During 2012 the IRS revised its collection procedure for dealing with delinquent accounts. The changes (which generally favor taxpayers) still allow the IRS to be as aggressive as they have been in the past several years. Though taxpayers have greater rights under the new law, the IRS can continue its efforts to collect as much of the outstanding tax as possible, in as little time as possible.
Notwithstanding the powers of the IRS, a taxpayer who owes taxes does have certain rights. Some taxpayers may be eligible for installment payment plans. You may protest certain penalties. The Service occasionally accepts collateral in lieu of filing a tax lien. You or you business may also qualify for an offer in compromise to pay less than the full balance of taxes due. As a last resort, you may seek protection under Chapter 7 or Chapter 13 of the Bankruptcy Code. Since we also help people file for bankruptcy relief under the new Bankruptcy Code, we also qualify as a debt relief agency.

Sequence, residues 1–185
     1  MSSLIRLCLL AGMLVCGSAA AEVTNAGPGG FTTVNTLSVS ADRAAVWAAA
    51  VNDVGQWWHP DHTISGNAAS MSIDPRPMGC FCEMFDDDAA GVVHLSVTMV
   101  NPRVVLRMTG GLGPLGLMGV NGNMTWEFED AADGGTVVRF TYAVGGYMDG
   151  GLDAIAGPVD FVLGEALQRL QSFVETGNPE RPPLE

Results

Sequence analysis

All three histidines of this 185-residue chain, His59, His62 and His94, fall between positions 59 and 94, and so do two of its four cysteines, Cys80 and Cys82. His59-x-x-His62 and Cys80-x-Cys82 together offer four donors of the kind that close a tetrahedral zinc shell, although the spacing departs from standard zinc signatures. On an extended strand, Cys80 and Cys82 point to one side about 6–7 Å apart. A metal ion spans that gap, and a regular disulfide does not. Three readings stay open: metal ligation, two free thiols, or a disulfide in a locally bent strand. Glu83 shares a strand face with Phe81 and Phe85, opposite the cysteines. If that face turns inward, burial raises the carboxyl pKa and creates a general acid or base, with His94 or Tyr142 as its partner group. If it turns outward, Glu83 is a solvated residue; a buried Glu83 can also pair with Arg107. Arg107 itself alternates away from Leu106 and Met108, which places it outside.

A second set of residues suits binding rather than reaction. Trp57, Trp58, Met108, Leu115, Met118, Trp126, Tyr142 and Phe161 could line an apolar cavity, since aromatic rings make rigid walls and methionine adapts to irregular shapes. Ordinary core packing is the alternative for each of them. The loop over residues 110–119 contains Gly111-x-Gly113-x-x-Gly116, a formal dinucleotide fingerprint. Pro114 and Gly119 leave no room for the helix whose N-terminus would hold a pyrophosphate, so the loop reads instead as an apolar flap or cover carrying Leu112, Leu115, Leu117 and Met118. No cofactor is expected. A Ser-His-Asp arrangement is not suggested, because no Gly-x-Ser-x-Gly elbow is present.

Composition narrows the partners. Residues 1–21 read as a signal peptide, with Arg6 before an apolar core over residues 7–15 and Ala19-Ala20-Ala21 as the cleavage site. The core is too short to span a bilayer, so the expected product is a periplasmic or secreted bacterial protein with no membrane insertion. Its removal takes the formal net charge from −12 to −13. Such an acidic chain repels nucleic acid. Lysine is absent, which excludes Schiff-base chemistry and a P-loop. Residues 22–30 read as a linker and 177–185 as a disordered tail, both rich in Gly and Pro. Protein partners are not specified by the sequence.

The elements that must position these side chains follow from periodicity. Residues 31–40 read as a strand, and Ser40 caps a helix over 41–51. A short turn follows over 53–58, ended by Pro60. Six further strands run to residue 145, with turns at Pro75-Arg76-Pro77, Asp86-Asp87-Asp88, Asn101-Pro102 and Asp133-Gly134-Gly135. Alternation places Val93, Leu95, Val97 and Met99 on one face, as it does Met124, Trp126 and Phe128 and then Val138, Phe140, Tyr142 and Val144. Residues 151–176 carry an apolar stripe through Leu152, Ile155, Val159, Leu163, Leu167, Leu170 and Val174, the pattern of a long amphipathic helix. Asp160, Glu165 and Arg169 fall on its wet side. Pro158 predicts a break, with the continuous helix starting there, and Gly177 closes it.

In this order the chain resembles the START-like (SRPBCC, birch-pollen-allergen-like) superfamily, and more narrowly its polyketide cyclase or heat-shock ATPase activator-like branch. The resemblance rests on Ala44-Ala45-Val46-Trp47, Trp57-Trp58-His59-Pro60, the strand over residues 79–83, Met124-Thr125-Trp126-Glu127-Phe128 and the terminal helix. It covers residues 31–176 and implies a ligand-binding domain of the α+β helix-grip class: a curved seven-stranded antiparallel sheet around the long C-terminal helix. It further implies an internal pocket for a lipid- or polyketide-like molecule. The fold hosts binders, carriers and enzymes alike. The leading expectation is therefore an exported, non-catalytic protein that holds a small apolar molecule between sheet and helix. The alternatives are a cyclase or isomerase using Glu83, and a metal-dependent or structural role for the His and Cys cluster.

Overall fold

It is well known that Congress has granted the Internal Revenue Service awesome powers to collect delinquent taxes. The agency can levy bank accounts, wages, real estate and other assets without a court order. However, recent court cases have limited the right of the Internal Revenue Service to initiate seizures. The Internal Revenue Service has also been found to have engaged in unauthorized collection actions in certain instances and has been liable for damages as a result.
With the passage of new laws in 2012, the IRS Restructuring and Reform Act, and the recent Taxpayer Bill of Rights 2, taxpayers were finally given protection from certain IRS actions. Knowledge of these rights is a necessity for taxpayers who are negotiating with the IRS.